Getting infected by the COVID-19 virus will not necessarily make you sick, and we’ve already seen numerous asymptomatic cases.
The reason hiding behind this is the number of pathogens that a person gets in contact with.
For example, to get seriously ill by COVID-19, you need to get in touch with a couple of hundreds of particles, according to Dr. Angela Rasmussen, a virologist at Columbia University in New York.
The conclusion comes from the comparison between SARS and the new COVID-19, knowing that both are coronaviruses, which means they probably have a similar nature. Unlike these two, MERS, for example, has a higher infective dose of thousands of particles.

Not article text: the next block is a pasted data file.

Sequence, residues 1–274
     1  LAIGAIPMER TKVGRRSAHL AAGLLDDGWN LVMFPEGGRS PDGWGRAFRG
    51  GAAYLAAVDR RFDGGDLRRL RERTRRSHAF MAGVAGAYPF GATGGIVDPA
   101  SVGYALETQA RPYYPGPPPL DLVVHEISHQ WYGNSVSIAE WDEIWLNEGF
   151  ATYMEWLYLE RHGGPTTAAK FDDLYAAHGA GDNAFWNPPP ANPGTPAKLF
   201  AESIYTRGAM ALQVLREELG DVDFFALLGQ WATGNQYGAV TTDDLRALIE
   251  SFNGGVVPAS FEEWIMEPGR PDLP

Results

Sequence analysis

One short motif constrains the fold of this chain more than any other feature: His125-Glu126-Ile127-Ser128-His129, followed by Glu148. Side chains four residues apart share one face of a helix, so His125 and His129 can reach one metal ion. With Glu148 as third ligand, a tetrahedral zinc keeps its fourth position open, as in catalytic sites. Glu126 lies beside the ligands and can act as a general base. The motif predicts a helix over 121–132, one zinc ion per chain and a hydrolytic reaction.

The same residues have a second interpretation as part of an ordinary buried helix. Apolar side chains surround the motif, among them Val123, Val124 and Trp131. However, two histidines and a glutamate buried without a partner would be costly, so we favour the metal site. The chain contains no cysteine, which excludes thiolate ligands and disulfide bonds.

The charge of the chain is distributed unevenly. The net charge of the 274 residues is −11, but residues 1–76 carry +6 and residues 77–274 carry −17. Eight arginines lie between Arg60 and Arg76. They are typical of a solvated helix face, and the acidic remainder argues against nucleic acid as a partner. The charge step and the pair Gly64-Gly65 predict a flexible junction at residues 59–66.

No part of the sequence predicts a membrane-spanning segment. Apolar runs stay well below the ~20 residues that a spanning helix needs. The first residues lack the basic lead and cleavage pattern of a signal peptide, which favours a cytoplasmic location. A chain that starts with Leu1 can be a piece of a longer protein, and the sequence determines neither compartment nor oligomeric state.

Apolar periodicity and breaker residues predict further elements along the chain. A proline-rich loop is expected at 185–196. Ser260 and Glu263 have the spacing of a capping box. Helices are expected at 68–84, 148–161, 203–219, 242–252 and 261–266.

Minimizing the virus encounter is what scientists are suggesting while still researching the behavior of the novel coronavirus.
In general, people who host a large number of any virus pathogens are most likely to get ill and even die, depending on the personal immune system.
However, what confuses science is the fact that there are studies that show asymptomatic people have a larger number of virus loads in their bodies than the severely ill patients.
This, of course, is not the most common example, but it raises new questions and enigmas about the coronavirus that has taken 365,000 lives up to date.
The shape of the nostrils and the amount of hair in the nose are also factors that can affect the reception of the virus in your body.